Sankara - guided by degrees


Guru is the Moksha-dvara (door to liberation). He is the gateway to the transcendental Truth-Consciousness. But, it is the aspirant who has to enter through it. The, Guru is a help, but the actual task of practical Sadhana (spiritual practice) falls on the aspirant himself.

Myrkur proves, by dint of sheer talent, that magnificent Black Metal can be made by those there lady women people. (read more)

I owe the drastic improvement in my communication skills to sankara. My confidence to present a subject was built from scratch, over here, through the seminar method of teaching by the faculty. Friendly teachers and flexible classes helped us focus on M. Sriram

1000s' of Star Performers View All With the blessings of the Almighty, Sri Sankara Coaching Centre has been a fountainhead for Chartered Accountants since its inception in 1979.

After the end of the second year, students will have the option to study the third year at BSE institute Mumbai, where they will study the following courses. (Only meritorious students are given this option)

The puruṣārthas are important for any study of Indian thought, however, for they constitute the value-theoretic backdrop against which Indian thinkers articulated their views: typically, most all Indian philosophers recognized the validity of all four values, though some, like the Materialists (Cārvāka) are on record as holding that kāma or sensual pleasure is the only dharma or morality ( Guṇaratna ), and that there is no such thing as liberation. Others such as the early Pūrvamīmāṃsā ignore the idea of personal liberation but emphasizes the importance of dharma. As all Hindu philosophical schools appear to recognize something that might count as “dharma” or morality, we might attempt to understand Hinduism in terms of its allegiance to a particular moral theory. This attempt to define Hinduism in terms of a simple doctrine fails, for some of what passes for dharma (ethics, morality or duty) in the context of particular schools of Hindu philosophical thought share much with non-Hindu, but Indian schools of thought. This is particularly apparent in the case of the Hindu philosophical school of Yoga, whose moral theory shares much with Jainism, and with Buddhist Mahāyāna thought. Also, there is sufficient variation amongst the schools of Hindu philosophy on moral matters that makes defining Hindu philosophy solely on the basis of a shared moral doctrine impossible. If there is a core moral theory common to all Hindu schools, it is likely to be so thin that it will also be found as a component of other Indian religions. Thus, an ethical theory might be a necessary criterion of Hinduism, but it is insufficient.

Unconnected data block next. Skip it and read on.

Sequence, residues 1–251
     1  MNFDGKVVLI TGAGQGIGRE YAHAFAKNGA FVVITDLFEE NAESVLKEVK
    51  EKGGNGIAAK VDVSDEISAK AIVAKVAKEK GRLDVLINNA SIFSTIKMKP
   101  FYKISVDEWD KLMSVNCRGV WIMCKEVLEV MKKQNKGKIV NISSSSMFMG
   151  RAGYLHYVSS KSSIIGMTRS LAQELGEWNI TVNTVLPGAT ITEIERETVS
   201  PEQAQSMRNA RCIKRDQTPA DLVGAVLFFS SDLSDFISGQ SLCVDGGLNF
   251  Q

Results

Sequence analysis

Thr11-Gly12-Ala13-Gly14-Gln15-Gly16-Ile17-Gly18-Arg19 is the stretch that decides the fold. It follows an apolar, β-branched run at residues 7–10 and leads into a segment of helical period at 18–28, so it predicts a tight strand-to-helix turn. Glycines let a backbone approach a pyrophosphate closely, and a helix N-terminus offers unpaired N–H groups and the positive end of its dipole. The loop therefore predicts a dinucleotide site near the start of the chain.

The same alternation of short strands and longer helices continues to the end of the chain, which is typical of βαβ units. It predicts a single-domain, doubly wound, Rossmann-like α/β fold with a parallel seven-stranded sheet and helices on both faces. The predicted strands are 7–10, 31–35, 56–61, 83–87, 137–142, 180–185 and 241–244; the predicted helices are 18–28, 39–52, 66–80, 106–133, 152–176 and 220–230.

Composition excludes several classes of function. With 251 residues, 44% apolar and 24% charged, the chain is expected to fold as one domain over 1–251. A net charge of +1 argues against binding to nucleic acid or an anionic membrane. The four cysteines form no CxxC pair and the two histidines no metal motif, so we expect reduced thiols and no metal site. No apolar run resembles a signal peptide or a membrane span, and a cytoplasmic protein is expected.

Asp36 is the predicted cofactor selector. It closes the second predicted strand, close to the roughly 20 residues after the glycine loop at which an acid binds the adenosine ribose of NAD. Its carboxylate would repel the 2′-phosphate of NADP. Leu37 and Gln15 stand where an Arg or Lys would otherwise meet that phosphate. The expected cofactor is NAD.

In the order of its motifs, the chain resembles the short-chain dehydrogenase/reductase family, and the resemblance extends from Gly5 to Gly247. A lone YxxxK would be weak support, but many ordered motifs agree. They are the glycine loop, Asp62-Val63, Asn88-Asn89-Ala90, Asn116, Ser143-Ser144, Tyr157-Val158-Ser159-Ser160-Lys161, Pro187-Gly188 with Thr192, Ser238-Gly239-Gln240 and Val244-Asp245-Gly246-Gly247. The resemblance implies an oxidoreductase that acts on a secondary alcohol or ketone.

Aum, Shri Ganeshaya namah! O my grand and
gracious Lord Ganesha. Here I am, with only You in my mind. My body's life is Your warmth. Your fire is my comfort. Now, with puja flames we offer that fire back to You. These fruits and flowers are Yours to enjoy. My very mind, too, is Yours to direct. O peaceful One, praise to You. Take these offerings and take, too, a place in my humble life, in Your heart. Ganesha sharanam, sharanam Ganesha.

The Tandya or Panchavimsa, the Shadvimsa, t
he Chhandogya, the Adbhuta, the Arsheya and the
Upanishad Brahmanas belong to the Sama-Veda.


Sankara - Guided By DegreesSankara - Guided By DegreesSankara - Guided By DegreesSankara - Guided By Degrees

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